FORT COLLINS, Colo. (Reuters) - U.S. soybean shipments have rebounded from last year’s trade war-fueled lull, but recent volumes and sales are well off normal levels and February exports were alarmingly low, raising concerns for the rest of the 2019-20 season.
The United States exported 5.32 million tonnes of soybeans in January, up 10% from last year but down 19% from the 2014-2018 average, according to data published on Friday by the U.S. Census Bureau.
Some 40% of the January soybean volume was shipped to top buyer China, which is below the 2014-2018 average of 62%.
Export inspection data published by the U.S. Department of Agriculture on Monday suggests that around 3.2 million tonnes of soybeans left U.S. ports in February, which if realized would be a 14-year low for the month. The data also implies last month’s bean exports to China were around 600,000 tonnes, and that would be the lowest February volume in 20 years and the lowest for any month since April 2019.
According to USDA’s export sales report, as of Feb. 27, there were just 293,000 tonnes of purchased soybeans left to ship to China by the end of the marketing year, well below the latest five-year low of 1.4 million tonnes on the same date in 2016. This raises serious questions about the rest of the 2019-20 marketing year and whether USDA’s export forecast is too aggressive.
Total U.S. soybean exports between September and February, the first half of the marketing year, likely came in just below 31 million tonnes. That is up 14% on the year but is otherwise an eight-year low.
USDA’s latest 2019-20 export forecast of 49.67 million tonnes (1.825 billion bushels) would mean that some 18.8 million tonnes must be shipped in the second half of the year. That is about 8% below last year’s record high and slightly above the previous year’s second-half volume, so it is not logistically unreasonable.
However, a record number of U.S. soybeans would have to be sold in the next several months for this to be possible. Through Feb. 27, about 34 million tonnes had been sold for shipment in 2019-20, meaning there is still a sales deficit of more than 15 million tonnes to reach USDA’s target.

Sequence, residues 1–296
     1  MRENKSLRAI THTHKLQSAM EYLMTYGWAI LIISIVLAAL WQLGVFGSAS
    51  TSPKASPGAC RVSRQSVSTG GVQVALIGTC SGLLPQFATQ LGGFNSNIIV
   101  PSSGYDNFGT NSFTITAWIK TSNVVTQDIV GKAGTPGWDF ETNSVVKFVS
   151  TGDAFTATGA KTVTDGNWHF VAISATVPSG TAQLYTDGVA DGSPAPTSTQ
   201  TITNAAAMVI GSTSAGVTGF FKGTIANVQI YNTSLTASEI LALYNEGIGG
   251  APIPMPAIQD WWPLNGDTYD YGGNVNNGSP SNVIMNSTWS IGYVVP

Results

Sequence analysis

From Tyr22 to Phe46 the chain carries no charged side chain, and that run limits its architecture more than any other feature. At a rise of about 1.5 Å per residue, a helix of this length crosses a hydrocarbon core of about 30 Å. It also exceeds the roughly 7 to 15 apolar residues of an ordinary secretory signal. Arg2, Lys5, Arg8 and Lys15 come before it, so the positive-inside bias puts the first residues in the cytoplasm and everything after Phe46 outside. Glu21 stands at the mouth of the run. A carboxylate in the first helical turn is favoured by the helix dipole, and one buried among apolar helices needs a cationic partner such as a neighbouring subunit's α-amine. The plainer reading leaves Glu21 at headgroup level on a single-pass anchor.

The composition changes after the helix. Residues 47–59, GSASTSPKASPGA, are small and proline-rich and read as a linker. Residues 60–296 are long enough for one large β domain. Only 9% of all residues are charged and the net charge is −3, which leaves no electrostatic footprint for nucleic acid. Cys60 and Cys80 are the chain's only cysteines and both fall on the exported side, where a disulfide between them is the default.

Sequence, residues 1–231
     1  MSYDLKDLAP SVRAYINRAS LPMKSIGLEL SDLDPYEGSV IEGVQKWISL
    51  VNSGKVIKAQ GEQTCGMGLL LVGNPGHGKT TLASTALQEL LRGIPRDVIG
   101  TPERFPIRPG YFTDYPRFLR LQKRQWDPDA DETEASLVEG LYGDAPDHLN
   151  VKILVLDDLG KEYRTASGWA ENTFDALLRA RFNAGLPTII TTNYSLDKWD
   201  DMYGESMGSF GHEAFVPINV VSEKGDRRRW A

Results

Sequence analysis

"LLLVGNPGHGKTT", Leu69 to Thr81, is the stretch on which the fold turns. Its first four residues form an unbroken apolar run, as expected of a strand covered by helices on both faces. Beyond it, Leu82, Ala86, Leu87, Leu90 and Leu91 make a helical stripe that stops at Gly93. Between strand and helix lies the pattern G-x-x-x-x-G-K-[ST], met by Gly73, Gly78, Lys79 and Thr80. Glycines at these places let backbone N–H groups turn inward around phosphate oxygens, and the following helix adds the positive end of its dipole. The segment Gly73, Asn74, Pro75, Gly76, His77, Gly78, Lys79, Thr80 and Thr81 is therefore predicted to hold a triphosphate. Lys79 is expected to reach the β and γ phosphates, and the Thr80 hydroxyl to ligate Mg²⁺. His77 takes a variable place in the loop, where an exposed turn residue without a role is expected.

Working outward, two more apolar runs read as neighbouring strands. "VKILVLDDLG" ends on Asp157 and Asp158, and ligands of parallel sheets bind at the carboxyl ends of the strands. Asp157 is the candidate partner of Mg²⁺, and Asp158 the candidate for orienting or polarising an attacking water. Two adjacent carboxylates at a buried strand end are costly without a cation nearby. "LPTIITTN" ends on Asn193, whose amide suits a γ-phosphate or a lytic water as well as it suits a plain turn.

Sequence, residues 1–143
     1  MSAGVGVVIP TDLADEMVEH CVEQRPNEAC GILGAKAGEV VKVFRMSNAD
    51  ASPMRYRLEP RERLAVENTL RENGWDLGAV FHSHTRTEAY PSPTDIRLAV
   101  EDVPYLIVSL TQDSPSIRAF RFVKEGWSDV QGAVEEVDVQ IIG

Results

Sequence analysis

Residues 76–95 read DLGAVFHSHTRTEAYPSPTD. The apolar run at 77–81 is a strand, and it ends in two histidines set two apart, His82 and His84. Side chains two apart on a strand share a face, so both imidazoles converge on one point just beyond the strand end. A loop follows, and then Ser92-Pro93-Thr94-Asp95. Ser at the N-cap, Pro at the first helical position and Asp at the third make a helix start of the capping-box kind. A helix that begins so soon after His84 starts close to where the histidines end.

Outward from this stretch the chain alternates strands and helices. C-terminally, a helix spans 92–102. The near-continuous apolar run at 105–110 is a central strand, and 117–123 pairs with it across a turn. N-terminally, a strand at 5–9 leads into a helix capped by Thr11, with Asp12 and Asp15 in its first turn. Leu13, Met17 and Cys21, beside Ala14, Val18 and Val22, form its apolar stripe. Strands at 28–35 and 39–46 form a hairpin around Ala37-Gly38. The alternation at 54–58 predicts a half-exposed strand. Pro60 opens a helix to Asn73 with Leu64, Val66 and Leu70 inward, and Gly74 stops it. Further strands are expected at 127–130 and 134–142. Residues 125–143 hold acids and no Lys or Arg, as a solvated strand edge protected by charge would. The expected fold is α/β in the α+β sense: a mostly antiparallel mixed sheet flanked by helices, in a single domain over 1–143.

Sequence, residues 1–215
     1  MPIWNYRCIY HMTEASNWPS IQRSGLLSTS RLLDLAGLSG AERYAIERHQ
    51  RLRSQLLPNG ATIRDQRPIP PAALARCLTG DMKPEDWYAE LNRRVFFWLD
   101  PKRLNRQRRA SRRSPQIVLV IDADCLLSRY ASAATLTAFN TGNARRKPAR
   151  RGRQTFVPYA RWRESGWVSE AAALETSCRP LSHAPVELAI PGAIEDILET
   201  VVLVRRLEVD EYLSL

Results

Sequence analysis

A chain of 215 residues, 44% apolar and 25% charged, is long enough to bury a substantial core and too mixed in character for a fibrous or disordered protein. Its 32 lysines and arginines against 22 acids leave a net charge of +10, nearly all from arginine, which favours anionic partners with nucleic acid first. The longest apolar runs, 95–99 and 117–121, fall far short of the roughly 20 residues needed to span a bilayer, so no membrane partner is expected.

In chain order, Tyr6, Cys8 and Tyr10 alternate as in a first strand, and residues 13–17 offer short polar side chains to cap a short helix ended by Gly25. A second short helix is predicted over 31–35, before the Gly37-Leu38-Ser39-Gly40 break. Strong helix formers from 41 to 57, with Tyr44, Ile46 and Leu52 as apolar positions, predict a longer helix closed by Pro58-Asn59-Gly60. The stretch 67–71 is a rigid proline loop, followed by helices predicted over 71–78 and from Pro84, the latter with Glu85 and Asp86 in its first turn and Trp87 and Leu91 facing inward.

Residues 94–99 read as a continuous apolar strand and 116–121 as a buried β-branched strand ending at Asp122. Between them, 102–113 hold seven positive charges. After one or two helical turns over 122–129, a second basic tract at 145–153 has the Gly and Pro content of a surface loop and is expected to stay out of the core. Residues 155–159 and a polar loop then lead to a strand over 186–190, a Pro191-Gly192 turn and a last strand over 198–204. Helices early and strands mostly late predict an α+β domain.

The recent three-year average for second-half soybean sales is 9.5 million tonnes, and those sales are more often to countries other than China.
USDA will publish fresh supply and demand estimates on Tuesday at noon EDT (1600 GMT), and that could include a revision to U.S. soybean exports. The average pre-report trade guess for 2019-20 U.S. soy ending stocks is 426 million bushels, barely changed from January’s 425 million (11.6 million tonnes), suggesting that analysts do not expect export adjustments on Tuesday.
Ever since the trade war began in mid-2018, China’s buying pattern of U.S. soybeans has been less regular, lifting last year’s second-half exports to the Asian country to a record 9.5 million tonnes, nearly double the previous record for the period. Before the trade conflict, around 90% of China’s annual U.S. soybean haul was shipped between September and February.
China’s recent lack of interest has been seriously concerning, as February purchases from the United States likely totaled less than 300,000 tonnes. But China is likely the only buyer that can prop up U.S. bean sales as much as is necessary over the next several months to sustain current export expectations.
U.S. Agriculture Secretary Sonny Perdue said last week that China will likely get more involved in the U.S. soybean market in late spring and summer, which is when Chinese purchases tend to pick up in a normal year. However, the return of Chinese buying at that time is usually for the next marketing year, not the current one as is needed.
Brazil’s enormous soybean harvest, price advantage, and heavy shipping lineup are also of concern for U.S. soybean exporters, as the top supplier is poised to supply China with plenty of soybeans in the coming months.
China’s customs reported over the weekend that soybean imports for the first two months of 2020 came in at 13.51 million tonnes, up 14% on the year and just 3% off 2018’s record.
China last week began to grant tariff exemptions for some crushers to import U.S. soybeans, and those waivers do not have volume limits and are good for one year. Outside of politically motivated purchases, cheap, abundant Brazilian supply will likely prevent the American product from being competitive for Chinese buyers until at least August, which is too late for the 2019-20 marketing year.
However, that does leave room for China to make good on its Phase 1 trade deal commitments for the 2020 calendar year, which almost certainly requires a significant boost in U.S. soybean purchases, potentially to record levels.
The opinions expressed here are those of the author, a market analyst for Reuters.
Editing by Matthew Lewis